A quick overview of 11 important literary awards (with a ton of titles to add to your TBR!)

You don't have to know the ins and outs of book awards, but it is fun to know what kinds of works get recognized, and why, and which lists to pay attention to if you like a certain style, genre, or section of the bookstore?

Like many young readers, I learned about two important literary awards, the Caldecott and the Newbery, in elementary school. The rest were a mystery to me for many, many years—I didn’t know how many awards there were, or what they were called, let alone what they all meant.

Readers, I know I’m not the only one who’s been there. And while it’s absolutely possible to have a vibrant reading life without knowing the ins and outs of book awards, is it fun to know what kinds of works get recognized, and why? Which lists to pay attention to if you like a certain style, genre, or section of the bookstore? Many readers say YES, and that’s why the eleventh category for the 2017 Reading Challenge—for those of you stretching yourselves this year—is “a book nominated for an award in 2017.”

Need ideas for this category? I’ve linked to each award’s online home base below, so you can browse through the 2017 nominations for the awards that particularly interest you. I’m also sharing notable winners and honorees for each award, to both give you ideas of what to read for this category and to give you a feel for the flavor of each award.

If you’re reading for fun this year, your assignment is to read “a book you were excited to buy or borrow but haven’t read yet.” More on that soon!


Officially known as the Randolph Caldecott Medal, this award, administered by a division of the American Library Association (ALA), goes to each year’s most distinguished American picture book for children. The book’s illustrator receives the award. If you want to check this box really fast, or you want to hook a kindergartener on reading for life, the Caldecott list is a great place to start.

Current and past winners: Radiant Child (2017), The Invention of Hugo Cabret (2008), The Polar Express (1986), Where the Wild Things Are (1964)


Description: Also administered by the ALA, the John Newbery Medal is given each year to the author of the most distinguished contribution to American literature for children. The ALA considers books written by United States citizens or residents that are first (or simultaneously) published in English. Note the spelling: I added an extra “r” for years.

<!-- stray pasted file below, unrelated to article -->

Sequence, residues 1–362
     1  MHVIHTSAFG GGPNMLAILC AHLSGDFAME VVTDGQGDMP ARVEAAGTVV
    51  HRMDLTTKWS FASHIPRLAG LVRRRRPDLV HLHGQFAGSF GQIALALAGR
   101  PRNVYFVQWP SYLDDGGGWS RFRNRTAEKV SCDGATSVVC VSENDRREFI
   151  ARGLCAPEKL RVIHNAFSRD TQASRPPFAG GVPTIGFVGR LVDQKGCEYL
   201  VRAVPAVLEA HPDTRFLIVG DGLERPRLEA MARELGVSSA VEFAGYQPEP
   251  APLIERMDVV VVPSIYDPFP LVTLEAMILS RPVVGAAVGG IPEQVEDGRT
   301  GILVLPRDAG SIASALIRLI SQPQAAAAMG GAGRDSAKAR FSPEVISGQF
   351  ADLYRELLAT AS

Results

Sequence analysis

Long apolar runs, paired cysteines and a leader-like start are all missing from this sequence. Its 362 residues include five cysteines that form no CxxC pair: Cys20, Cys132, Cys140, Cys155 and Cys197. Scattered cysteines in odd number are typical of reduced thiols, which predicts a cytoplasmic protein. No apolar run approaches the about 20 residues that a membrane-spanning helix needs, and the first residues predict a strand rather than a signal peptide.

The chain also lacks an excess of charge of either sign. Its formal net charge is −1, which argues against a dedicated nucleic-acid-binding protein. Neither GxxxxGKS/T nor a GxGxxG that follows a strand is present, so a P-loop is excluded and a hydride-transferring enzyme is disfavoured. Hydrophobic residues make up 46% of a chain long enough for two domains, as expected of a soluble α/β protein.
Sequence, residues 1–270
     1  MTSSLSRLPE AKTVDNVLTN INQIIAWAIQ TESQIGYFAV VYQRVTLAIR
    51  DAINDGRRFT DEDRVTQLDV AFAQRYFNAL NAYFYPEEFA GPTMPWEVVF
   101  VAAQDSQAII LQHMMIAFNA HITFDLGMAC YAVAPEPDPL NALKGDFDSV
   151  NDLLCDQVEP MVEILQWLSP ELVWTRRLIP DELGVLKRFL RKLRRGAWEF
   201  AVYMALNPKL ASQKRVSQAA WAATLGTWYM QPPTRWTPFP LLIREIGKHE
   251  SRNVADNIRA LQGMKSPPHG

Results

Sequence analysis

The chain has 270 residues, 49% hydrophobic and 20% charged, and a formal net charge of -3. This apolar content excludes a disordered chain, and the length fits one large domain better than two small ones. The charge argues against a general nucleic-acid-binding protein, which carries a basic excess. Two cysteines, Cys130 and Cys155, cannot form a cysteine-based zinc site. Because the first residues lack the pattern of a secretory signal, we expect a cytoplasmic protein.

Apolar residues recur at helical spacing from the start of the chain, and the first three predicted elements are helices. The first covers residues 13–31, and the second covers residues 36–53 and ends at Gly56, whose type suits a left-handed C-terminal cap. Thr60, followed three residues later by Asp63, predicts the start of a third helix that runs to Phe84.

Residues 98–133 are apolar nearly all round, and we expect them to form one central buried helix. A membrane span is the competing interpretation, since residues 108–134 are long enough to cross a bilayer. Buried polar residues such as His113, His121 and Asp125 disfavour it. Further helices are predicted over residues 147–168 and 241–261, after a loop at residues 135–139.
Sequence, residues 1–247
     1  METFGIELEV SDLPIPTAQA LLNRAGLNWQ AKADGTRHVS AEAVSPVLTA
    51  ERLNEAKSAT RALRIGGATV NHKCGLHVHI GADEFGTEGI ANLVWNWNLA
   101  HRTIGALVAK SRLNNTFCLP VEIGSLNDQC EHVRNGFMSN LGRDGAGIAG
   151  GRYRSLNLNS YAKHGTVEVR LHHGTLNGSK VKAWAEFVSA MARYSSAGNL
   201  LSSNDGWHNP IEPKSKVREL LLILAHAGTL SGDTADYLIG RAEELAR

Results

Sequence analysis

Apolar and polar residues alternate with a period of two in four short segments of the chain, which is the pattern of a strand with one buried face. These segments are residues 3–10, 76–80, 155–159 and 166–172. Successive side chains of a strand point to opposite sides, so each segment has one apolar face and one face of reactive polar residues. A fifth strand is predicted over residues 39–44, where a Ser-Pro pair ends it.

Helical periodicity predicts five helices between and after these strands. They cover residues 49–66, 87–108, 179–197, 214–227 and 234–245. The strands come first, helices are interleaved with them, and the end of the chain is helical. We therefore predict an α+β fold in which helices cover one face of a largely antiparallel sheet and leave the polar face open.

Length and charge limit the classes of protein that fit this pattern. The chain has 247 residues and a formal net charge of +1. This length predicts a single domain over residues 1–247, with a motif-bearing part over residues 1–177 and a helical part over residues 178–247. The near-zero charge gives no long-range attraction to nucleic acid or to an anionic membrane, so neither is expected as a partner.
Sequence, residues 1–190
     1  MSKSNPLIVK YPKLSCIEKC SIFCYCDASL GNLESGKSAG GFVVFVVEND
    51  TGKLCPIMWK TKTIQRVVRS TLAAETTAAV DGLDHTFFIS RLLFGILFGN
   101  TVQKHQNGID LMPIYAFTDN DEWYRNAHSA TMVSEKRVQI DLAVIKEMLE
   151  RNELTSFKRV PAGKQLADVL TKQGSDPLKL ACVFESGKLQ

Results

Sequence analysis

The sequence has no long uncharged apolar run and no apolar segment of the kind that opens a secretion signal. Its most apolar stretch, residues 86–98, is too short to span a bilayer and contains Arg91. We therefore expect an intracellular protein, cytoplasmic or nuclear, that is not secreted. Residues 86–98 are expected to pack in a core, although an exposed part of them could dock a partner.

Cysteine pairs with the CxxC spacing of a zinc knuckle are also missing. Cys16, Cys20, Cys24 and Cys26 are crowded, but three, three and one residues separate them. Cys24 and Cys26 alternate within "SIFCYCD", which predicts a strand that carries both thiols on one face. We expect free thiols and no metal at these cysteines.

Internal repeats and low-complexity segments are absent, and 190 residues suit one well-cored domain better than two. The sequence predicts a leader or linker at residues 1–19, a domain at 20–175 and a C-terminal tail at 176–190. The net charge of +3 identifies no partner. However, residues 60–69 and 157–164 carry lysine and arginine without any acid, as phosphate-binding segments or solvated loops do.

Winners and Honors: Only a hundred books I adore, no big deal. The Girl Who Drank the Moon (2017), The War That Saved My Life (2015 Honor Book), When You Reach Me (2010), The Hero and the Crown (1985 Winner), Bridge to Terabithia (1978 Winner), A Wrinkle in Time (1963 Winner) Charlotte’s Web (1953 Honor Book), Strawberry Girl (1945 Winner)


The ALA’s young adult division bestows the Michael L. Printz Award for Excellence in Young Adult Literature each year to the best book written for teens, based on literary merit alone, and also names up to four honor books each year. Booklist magazine sponsors the award. (Please, somebody, add “sponsor a literary award” to your bucket list right now.) 

Recent Nominees and Honorees: The Sun is Also a Star (2017 Honor Book), I’ll Give You the Sun (2015 Winner), Eleanor & Park (2014 Honor Book), Code Name Verity (2013 Honor Book)


The Alex Awards are given each year by the ALA to ten books written for an adult audience that have special appeal to young adults, ages 12 through 18.

Recent Winners: Undocumented (2016), All the Light We Cannot See (2015), The Sea of Tranquility (2014), Mr. Penumbra’s 24-Hour Bookstore (2013), The Night Circus (2012), Ready Player One (2012), Room (2011)

Coretta Scott King

The ALA honors African-American authors and illustrators with the Coretta Scott King Awards for creating outstanding books for children and young adults, especially those that demonstrate an appreciation of African American culture and universal human values.

Winners: March: Book Three (2017), Radiant Child (2017 Illustrator Winner), Trombone Shorty (2016), Brown Girl Dreaming (2015 Winner), The Crossover (2015 Honor Book), One Crazy Summer (2011)

ALA Carnegie

This is the newest award on the list. Beginning in 2012, the ALA awards the Andrew Carnegie Medals for Excellence in Fiction and Nonfiction to recognize the best fiction and nonfiction books for adults published in the U.S.

Winners and Finalists: If you’d like a wide variety of books to choose from, the Carnegie longlist is long—up to 50 titles! 2018 finalists include: Lincoln in the Bardo, Killers of the Flower Moon, Sing, Unburied, Sing, Manhattan Beach, and You Don’t Have to Say You Love Me. Past winners include The Underground Railroad (2017 Winner), Evicted (2017 Winner), All the Light We Cannot See (2015 Winner), Just Mercy (2015 Winner), The Goldfinch (2014 Winner)

National Book Award

The National Book Awards were established in 1936 by the American Booksellers Association, presented to U.S. authors for books published in the United States roughly during the award year. Its mission is “to celebrate the best of American literature, to expand its audience, and to enhance the cultural value of good writing in America.”